# Expected Returns¶

Mean-variance optimization requires knowledge of the expected returns. In practice, these are rather difficult to know with any certainty. Thus the best we can do is to come up with estimates, for example by extrapolating historical data, This is the main flaw in mean-variance optimization – the optimization procedure is sound, and provides strong mathematical guarantees, given the correct inputs. This is one of the reasons why I have emphasised modularity: users should be able to come up with their own superior models and feed them into the optimizer.

Caution

Supplying expected returns can do more harm than good. If predicting stock returns were as easy as calculating the mean historical return, we’d all be rich! For most use-cases, I would suggest that you focus your efforts on choosing an appropriate risk model (see Risk Models).

As of v0.5.0, you can use Black-Litterman Allocation to significantly improve the quality of your estimate of the expected returns.

The expected_returns module provides functions for estimating the expected returns of the assets, which is a required input in mean-variance optimization.

By convention, the output of these methods is expected annual returns. It is assumed that daily prices are provided, though in reality the functions are agnostic to the time period (just change the frequency parameter). Asset prices must be given as a pandas dataframe, as per the format described in the User Guide.

All of the functions process the price data into percentage returns data, before calculating their respective estimates of expected returns.

Currently implemented:

• general return model function, allowing you to run any return model from one function.
• mean historical return
• exponentially weighted mean historical return
• CAPM estimate of returns

Additionally, we provide utility functions to convert from returns to prices and vice-versa.

Note

For any of these methods, if you would prefer to pass returns (the default is prices), set the boolean flag returns_data=True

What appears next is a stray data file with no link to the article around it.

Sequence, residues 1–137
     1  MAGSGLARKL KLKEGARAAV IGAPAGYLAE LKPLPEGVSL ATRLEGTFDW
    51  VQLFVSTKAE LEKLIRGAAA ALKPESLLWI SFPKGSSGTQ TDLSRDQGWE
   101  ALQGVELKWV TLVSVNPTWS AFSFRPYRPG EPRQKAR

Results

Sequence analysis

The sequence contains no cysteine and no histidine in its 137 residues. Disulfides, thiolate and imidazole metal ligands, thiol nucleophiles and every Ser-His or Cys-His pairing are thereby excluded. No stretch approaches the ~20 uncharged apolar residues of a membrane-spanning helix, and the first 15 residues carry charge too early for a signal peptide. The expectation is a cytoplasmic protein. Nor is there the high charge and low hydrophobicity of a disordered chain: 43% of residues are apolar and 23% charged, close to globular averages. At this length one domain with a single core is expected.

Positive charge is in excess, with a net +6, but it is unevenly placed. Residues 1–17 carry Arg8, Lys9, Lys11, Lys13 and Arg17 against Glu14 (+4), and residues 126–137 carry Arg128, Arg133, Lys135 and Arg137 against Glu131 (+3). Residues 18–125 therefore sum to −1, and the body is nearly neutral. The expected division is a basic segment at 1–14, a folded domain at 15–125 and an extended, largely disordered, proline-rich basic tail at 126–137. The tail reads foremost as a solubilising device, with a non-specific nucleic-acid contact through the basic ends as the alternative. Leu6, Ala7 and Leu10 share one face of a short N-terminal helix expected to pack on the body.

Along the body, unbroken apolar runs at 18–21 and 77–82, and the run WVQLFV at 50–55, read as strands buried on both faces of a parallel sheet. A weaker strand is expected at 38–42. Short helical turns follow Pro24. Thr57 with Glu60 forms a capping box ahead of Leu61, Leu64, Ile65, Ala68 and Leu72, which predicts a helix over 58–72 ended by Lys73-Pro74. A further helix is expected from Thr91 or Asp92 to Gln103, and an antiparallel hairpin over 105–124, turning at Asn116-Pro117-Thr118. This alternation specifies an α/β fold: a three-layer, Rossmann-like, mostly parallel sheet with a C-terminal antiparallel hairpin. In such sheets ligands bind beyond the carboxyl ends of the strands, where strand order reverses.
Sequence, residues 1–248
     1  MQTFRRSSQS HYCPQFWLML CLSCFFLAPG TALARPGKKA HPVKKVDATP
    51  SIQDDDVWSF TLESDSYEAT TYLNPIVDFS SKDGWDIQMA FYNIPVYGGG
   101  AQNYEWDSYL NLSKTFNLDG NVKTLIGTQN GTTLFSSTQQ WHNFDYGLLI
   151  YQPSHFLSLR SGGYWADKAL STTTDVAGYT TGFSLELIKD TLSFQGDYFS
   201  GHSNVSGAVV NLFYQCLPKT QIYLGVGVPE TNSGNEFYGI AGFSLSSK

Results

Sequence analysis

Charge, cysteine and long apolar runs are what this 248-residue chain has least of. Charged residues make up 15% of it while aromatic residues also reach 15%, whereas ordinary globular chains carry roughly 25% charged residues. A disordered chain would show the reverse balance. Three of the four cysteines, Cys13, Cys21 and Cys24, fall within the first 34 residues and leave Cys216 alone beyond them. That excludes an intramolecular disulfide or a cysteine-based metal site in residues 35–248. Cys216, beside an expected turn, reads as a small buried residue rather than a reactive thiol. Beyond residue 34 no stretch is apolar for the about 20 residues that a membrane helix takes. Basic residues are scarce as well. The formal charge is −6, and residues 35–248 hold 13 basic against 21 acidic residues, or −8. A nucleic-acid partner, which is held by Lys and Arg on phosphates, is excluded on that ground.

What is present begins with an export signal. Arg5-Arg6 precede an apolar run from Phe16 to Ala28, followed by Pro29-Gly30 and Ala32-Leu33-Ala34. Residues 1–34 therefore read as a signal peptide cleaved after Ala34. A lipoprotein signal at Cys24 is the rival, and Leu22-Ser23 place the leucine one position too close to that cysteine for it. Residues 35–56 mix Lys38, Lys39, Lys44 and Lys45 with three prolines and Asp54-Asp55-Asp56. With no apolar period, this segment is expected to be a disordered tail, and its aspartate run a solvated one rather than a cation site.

pypfopt.expected_returns.mean_historical_return(prices, returns_data=False, compounding=True, frequency=252, log_returns=False)[source]

Calculate annualised mean (daily) historical return from input (daily) asset prices. Use compounding to toggle between the default geometric mean (CAGR) and the arithmetic mean.

Parameters: prices (pd.DataFrame) – adjusted closing prices of the asset, each row is a date and each column is a ticker/id. returns_data (bool, defaults to False.) – if true, the first argument is returns instead of prices. These should not be log returns. compounding (bool, defaults to True) – computes geometric mean returns if True, arithmetic otherwise, optional. frequency (int, optional) – number of time periods in a year, defaults to 252 (the number of trading days in a year) log_returns (bool, defaults to False) – whether to compute using log returns annualised mean (daily) return for each asset pd.Series

This is probably the default textbook approach. It is intuitive and easily interpretable, however the estimates are subject to large uncertainty. This is a problem especially in the context of a mean-variance optimizer, which will maximise the erroneous inputs.

pypfopt.expected_returns.ema_historical_return(prices, returns_data=False, compounding=True, span=500, frequency=252, log_returns=False)[source]